We investigated numerically, the fracturing process for an infill multi-fracture horizontal well (MFHW) using the indirect boundary element method. Our code initially involved the constant 2D displacement discontinuity method (DDM), the higher-order 2D HDDM, and the 2D HDDM+ (involving square root tip elements) numerical schemes, all of which were validated against the analytical solution of Sneddon and Elliot (1946). The improved accuracy and computational efficiency obtained using the 2D HDDM and 2D HDDM+ numerical schemes led to further enhancement of the simulator by the introduction of higher-order elements in the 3D space.

To the authors’ knowledge, this is the first application of the higher-order 3D HDDM to hydraulic fracture modeling since the original development of the method by Shou et al. (1997). The proposed method results in a more accurate estimation of the fracture width than the standard constant 3D DDM method, while preserving the same number of degrees of freedom. Our 3D HDDM method can neglect, without loss of accuracy, the dip-slip shear stress and the displacement components, thus improving the computational efficiency of the method.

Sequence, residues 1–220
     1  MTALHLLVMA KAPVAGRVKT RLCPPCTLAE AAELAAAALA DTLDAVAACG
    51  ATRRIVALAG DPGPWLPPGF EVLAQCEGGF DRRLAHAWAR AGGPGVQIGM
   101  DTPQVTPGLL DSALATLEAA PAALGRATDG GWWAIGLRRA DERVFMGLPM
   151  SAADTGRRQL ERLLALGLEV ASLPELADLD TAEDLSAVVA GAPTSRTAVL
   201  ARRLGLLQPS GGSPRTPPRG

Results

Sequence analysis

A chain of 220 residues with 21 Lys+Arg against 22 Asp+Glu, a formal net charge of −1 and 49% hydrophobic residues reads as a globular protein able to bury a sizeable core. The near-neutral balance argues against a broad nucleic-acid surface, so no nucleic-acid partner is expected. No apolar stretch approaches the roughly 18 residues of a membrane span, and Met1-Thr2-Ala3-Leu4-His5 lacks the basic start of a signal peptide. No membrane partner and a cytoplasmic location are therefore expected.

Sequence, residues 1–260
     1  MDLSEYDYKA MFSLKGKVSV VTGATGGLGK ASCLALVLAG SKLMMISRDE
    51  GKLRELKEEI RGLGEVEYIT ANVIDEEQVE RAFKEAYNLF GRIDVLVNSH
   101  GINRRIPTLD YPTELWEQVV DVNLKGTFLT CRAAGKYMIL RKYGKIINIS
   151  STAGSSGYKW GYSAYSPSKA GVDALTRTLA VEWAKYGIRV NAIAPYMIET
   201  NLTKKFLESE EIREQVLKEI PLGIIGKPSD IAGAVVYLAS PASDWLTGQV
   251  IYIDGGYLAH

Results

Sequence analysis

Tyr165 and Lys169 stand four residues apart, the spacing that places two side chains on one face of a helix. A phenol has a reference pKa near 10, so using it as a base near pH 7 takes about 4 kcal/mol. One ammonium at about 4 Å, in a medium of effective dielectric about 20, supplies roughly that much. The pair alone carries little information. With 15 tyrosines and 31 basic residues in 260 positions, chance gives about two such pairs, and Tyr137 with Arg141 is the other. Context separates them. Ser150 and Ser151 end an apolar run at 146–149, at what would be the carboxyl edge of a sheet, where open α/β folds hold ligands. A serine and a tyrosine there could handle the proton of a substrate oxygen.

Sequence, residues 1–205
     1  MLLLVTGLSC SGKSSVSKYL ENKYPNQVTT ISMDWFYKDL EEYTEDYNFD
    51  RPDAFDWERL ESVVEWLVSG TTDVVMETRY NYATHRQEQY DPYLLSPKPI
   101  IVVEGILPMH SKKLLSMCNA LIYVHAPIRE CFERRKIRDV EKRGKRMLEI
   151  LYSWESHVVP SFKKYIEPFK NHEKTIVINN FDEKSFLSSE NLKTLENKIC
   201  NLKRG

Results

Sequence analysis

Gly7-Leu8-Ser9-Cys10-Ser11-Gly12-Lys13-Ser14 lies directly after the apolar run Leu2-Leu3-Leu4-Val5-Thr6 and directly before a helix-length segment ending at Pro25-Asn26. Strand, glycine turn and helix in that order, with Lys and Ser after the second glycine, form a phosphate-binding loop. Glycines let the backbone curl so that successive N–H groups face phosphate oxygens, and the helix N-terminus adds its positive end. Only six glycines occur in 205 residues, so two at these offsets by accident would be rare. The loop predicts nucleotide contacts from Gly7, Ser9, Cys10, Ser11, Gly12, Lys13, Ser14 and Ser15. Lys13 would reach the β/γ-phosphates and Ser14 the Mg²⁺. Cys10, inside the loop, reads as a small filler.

The associated fluid mechanics accounts for the pressure drop along the wellbore and across perforations to accurately predict the pressure and fluid flow rate distribution within each fracture. The nonlinear fluid mechanics equations were discretized by the finite difference method and iteratively coupled with the simplified 3D-DDM. The developed numerical scheme was validated against the Perkins-Kern-Nordgren (PKN) (Perkins and Kern, 1961; Nordgren, 1972) and Khristianovic-Geertsma-de Klerk (KGD) (Khristianovich and Zheltov, 1955; Geertsma and de Klerk, 1969) analytical models.

We adopted the analytical solution of Economides and Nolte (2000) that depends on the local DDM results to obtain the fracture width distribution across multiple reservoir layers. Additionally, our simulator implements the fracture height growth methodology suggested by Li (2019).

We conducted simulation studies of non-planar propagation of five simultaneously-induced fractures with variable spacing. Our simulator accurately predicts the fluid flow, pressure, and width distribution within each fracture, and can be an effective tool in the decision-making process of fracturing design in unconventional reservoirs.

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